Employment Laws Affecting Your Brewery

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Article #12 of Hopping on the Brewery Bandwagon Series

As your brewery ramps up production, you many need more hands on deck to handle the increased demand. Developing and managing a workforce involves legal issues and requirements that you will have to navigate to avoid brewing up a lawsuit.

Employee Policies, Procedures and Handbooks

With an expanding workforce, it is essential to develop employee policies and procedures that clearly communicate performance expectations to your employees. This can be achieved by creating and maintaining an employee handbook that is tailored to your brewery. Establishing expectations and holding all employees to the same standards can go a long way toward limiting your exposure to employment discrimination claims, wage and hour complaints, and overtime lawsuits down the road. Additionally, developing consistent and responsible policies regarding at-work consumption and proper handling and disposal of alcohol are considerations of special importance to the brewery industry.

Employees vs. Independent Contractors

Workers generally fall within two major classifications: employees and independent contractors. If the brewery controls the "how to" of a worker's day-to-day tasks, the worker is likely an employee. In the case of a brewmaster who is highly experienced and working primarily as a part-time consultant, however, the relationship may call for independent contractor status.

It is important for a brewery to properly classify its workers. While treating workers as independent contractors may seem to be more cost-effective, a brewery may face serious consequences for improperly classifying workers as independent contractors, including tax penalties and penalties associated with health care and worker's compensation laws.

In July 2015, the U.S. Department of Labor issued guidance on the proper application of the "economic realities test," which is a multi-factor test used to determine whether a worker is an employee or an independent contractor. The Department of Labor takes the position that most workers are actually employees when the economic realities test is applied in light of the Fair Labor Standards Act's broad definition of "employ."

Employment Agreements and Covenants Not to Compete

In Wisconsin, most employment is employment at will, meaning that an employee generally can be terminated at any time, for any reason (provided that it does not violate state or federal law). However, an at-will employee can also leave their employment whenever they wish. Accordingly, if there is an employee who is an integral part of your brewery's success, then you might consider entering into a written employment contract with the employee that provides for a fixed term of employment and includes a covenant not to compete. This can discourage the key employee from leaving to work for a competitor. A written employment agreement for your brewmaster is especially important: brewmasters know the brewery's formulas and could do significant damage to your business if they started working for a competitor. Consequently, a brewmaster's employment agreement should include an enforceable (i.e., narrowly tailored) covenant not to compete, a nondisclosure provision and a confidentiality provision. The agreement should also clearly state that the beer formulas are "trade secrets," and therefore are the property of the brewery, not the brewmaster.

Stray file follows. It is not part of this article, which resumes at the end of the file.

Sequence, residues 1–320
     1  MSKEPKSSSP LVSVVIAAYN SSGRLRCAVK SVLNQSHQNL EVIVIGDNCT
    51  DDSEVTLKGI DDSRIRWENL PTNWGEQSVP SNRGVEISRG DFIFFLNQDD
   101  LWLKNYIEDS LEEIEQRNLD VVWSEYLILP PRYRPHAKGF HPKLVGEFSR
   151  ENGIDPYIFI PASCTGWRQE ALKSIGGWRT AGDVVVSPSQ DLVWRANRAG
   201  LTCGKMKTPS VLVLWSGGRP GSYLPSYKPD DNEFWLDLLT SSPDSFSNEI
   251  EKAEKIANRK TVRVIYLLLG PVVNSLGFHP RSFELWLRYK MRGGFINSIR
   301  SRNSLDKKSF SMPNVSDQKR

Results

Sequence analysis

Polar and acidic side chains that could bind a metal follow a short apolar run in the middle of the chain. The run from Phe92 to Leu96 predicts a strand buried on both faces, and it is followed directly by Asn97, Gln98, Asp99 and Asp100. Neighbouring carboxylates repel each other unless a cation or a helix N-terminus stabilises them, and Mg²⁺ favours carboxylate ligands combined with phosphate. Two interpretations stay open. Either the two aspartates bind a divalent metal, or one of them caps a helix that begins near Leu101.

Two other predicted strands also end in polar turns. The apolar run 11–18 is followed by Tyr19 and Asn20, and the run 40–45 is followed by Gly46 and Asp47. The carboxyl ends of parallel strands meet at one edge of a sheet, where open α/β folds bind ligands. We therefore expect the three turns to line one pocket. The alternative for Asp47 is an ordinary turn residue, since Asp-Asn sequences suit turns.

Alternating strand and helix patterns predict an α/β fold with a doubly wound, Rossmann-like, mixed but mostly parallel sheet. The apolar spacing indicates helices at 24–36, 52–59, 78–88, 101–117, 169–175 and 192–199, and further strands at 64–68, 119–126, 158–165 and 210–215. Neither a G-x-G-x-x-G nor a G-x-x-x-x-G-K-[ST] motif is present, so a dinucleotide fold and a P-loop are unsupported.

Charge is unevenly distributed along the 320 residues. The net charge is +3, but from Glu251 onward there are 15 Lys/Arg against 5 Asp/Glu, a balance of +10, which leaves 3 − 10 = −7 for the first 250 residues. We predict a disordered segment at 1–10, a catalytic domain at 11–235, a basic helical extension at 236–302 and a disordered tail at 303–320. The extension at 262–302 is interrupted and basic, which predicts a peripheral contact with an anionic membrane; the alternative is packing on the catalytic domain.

Statutory Coverage

As your business expands and you begin to gain employees, you may become subject to certain state and federal employment laws. Whether your brewery is subject to these laws depends in part on the number of employees that you have. A few of these statutes are summarized below, but others may apply depending on the nature of your business.

Statute Brief Summary Applies if you
Employ… Wisconsin Fair Employment Act


Prohibits discrimination against a number of protected classes

(i.e., sex, race, marital status, disability, etc.) in all employment practices1 or more employees

The Americans with Disabilities Act


Prohibits discrimination against "qualified individuals with disabilities" in all employment practices15 or more employees

Age Discrimination in Employment Act


Prohibits discrimination based on age against individuals age 40 and over20 or more employees

Family and Medical Leave Act


Generally requires a covered employer to grant an eligible employee up to a total of 12 weeks' unpaid leave for birth or placement of child, caring for immediate family member, or the employee's serious health condition50 or more employees within 75 road miles of each other (for example, two locations 30 miles apart)

If you have any questions about the topics covered in this e-alert, please contact your Reinhart attorney or any member of the firm's Labor and Employment or Food and Beverage teams.


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These materials provide general information which does not constitute legal or tax advice and should not be relied upon as such. Particular facts or future developments in the law may affect the topic(s) addressed within these materials. Always consult with a lawyer about your particular circumstances before acting on any information presented in these materials because it may not be applicable to you or your situation. Providing these materials to you does not create an attorney/client relationship. You should not provide confidential information to us until Reinhart agrees to represent you.